BY CARL L. BANKSTON III
The Chronicle of Higher Education notes that the U.S. Supreme Court is being urged to take up Michigan Attorney General Bill Schuette’s appeal of a Sixth Circuit Court of Appeals decision that ruled a voter-supported state constitutional ban on racial preferences in higher education unconstitutional last November. Affirmative action advocates also want the Supreme Court to take up the decision, hoping it will produce a ruling against all propositions to end affirmative action across the nation.
The narrow 8-7 Sixth Circuit decision was based on the idea that there are many sorts of preferences in college admissions. Universities may choose to show preference for students who will contribute to athletic programs, to children of alumni, or to dependents of faculty. In singling out racial preferences, the mandate placed a burden on those who received preferences because of race. The mandate did not ban legacy admissions or special consideration of athletes. While legacy and other applicants could simply lobby an admissions office to favor children of alumni, minority applicants seeking racial preferences would need to mount a campaign to change the state constitution.Therefore, according to the federal court, the ban places a heavier legal burden on one form of preference among many, and thereby treats the beneficiaries of race-based policies differently from the beneficiaries of legacies. The Sixth Circuit ruled that this differential treatment was a violation of the Equal Protection Clause of the Fourteenth Amendment.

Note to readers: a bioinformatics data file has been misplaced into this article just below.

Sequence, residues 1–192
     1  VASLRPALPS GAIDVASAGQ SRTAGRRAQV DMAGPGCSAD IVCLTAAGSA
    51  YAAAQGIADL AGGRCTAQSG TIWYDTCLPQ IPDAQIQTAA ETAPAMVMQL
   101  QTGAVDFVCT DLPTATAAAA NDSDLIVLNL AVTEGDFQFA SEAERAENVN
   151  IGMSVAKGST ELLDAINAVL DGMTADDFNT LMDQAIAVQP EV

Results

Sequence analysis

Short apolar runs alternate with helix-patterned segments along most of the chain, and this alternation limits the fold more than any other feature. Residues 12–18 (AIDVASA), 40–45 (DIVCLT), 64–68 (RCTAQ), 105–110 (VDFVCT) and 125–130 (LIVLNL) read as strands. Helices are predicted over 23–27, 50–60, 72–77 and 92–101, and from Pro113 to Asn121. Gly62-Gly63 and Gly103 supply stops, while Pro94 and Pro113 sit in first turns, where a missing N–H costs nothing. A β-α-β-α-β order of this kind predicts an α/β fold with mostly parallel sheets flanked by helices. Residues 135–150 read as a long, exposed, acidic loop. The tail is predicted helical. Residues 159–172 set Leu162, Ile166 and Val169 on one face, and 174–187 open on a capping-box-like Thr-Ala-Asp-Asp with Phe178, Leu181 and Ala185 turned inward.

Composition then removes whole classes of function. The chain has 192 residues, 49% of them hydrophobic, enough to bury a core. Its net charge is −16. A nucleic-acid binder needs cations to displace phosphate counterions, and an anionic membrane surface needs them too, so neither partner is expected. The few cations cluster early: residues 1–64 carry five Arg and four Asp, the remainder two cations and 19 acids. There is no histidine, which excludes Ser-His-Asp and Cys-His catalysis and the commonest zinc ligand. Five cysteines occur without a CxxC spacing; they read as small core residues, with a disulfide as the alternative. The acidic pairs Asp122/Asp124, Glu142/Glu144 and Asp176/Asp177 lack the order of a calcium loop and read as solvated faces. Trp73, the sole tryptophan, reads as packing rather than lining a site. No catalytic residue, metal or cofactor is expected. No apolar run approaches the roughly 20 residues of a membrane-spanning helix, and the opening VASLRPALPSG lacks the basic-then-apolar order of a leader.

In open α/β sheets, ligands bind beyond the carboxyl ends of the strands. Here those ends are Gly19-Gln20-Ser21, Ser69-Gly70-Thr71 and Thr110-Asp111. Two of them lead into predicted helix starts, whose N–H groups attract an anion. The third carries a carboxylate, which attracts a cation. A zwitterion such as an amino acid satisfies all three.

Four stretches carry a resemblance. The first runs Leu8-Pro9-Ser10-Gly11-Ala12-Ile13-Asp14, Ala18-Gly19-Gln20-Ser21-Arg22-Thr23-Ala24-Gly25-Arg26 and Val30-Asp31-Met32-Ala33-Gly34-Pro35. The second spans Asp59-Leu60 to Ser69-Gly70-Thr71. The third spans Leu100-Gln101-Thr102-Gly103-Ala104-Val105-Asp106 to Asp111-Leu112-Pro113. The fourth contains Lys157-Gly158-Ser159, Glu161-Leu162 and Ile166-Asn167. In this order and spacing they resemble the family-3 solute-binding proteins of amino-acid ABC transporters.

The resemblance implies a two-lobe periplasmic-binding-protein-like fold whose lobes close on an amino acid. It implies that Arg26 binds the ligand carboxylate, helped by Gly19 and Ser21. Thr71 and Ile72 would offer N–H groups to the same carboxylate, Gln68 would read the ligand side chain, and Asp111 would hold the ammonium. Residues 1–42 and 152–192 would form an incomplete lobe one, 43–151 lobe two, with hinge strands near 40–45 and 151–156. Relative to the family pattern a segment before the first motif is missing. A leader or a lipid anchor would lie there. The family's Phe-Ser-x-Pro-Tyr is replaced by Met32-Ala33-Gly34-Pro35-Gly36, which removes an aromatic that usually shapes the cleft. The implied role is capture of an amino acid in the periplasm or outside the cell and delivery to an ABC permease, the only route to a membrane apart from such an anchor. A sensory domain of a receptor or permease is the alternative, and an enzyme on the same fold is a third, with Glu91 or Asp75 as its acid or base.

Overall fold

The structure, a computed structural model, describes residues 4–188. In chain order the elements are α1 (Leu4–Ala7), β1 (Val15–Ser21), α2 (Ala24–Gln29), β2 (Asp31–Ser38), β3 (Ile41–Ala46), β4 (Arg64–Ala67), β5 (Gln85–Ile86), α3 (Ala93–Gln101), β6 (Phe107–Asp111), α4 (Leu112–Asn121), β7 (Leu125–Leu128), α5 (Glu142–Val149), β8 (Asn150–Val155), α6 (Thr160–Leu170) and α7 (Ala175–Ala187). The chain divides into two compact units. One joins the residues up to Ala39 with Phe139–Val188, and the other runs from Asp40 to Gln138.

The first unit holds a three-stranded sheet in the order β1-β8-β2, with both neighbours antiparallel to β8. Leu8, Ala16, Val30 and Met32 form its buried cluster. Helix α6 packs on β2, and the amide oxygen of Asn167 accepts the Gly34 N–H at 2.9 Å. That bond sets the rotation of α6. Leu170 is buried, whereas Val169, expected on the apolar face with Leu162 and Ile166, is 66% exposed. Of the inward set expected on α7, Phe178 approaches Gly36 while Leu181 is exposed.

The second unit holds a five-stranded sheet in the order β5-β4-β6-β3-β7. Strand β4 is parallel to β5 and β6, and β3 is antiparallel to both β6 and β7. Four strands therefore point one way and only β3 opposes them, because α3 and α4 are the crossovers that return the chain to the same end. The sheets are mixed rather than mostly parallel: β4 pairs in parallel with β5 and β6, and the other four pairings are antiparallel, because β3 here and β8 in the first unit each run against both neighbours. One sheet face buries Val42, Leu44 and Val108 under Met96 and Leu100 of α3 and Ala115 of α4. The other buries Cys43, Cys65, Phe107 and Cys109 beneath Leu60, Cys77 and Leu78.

One big problem with this reasoning is that the Supreme Court has consistently indicated that racial preferences do not constitute one preference among many. In the majority opinion for the 2003 Grutter v. Bollinger decision, Justice O’Connor approvingly quoted the 1984 Palmore v. Sidoti decision when she wrote “we are mindful, however that ‘[a] core purpose of the Fourteenth Amendment was to do away with all governmentally imposed discrimination based on race.’” I do not think that anyone has ever suggested that the Fourteenth Amendment contemplated eliminating legacies or athletic admissions. Justice O’Connor wrote further that “racial classifications, however compelling, are potentially so dangerous that they may be employed no more broadly than the interest demands.”
Given what seems to be a glaring contradiction between the Sixth Circuit view of racial preferences as one kind of preference among many and the Supreme Court view of racial preferences as an especially dangerous practice and as a fundamental target of the Fourteenth Amendment, I speculate that if the Court takes this up, it will strike down the Sixth Circuit decision.
The Moral Liberal Sociology Editor, Carl L. Bankston III is Professor of Sociology at Tulane University in New Orleans, LA. He is the author and co-author of a number of books and numerous articles published in academic journals. An incomplete list of his books includes: Growing Up American: How Vietnamese Children Adapt to Life in the United States (with Min Zhou, 1998), Blue Collar Bayou: Louisiana Cajuns in the New Economy of Ethnicity (with Jacques Henry, 2002), and A Troubled Dream: The Promise and Failure of School Desegregation in Louisiana (2002), Forced to Fail: The Paradox of School Desegregation (hardback, 2005; paperback, 2007), and Public Education – America’s Civil Religion: A Social History (2009) (all with Stephen J. Caldas). View Professor Carl L. Bankston’s Amazon.com Page here. He blogs at Can These Bones Live?
Copyright © 2012 Carl L. Bankston III.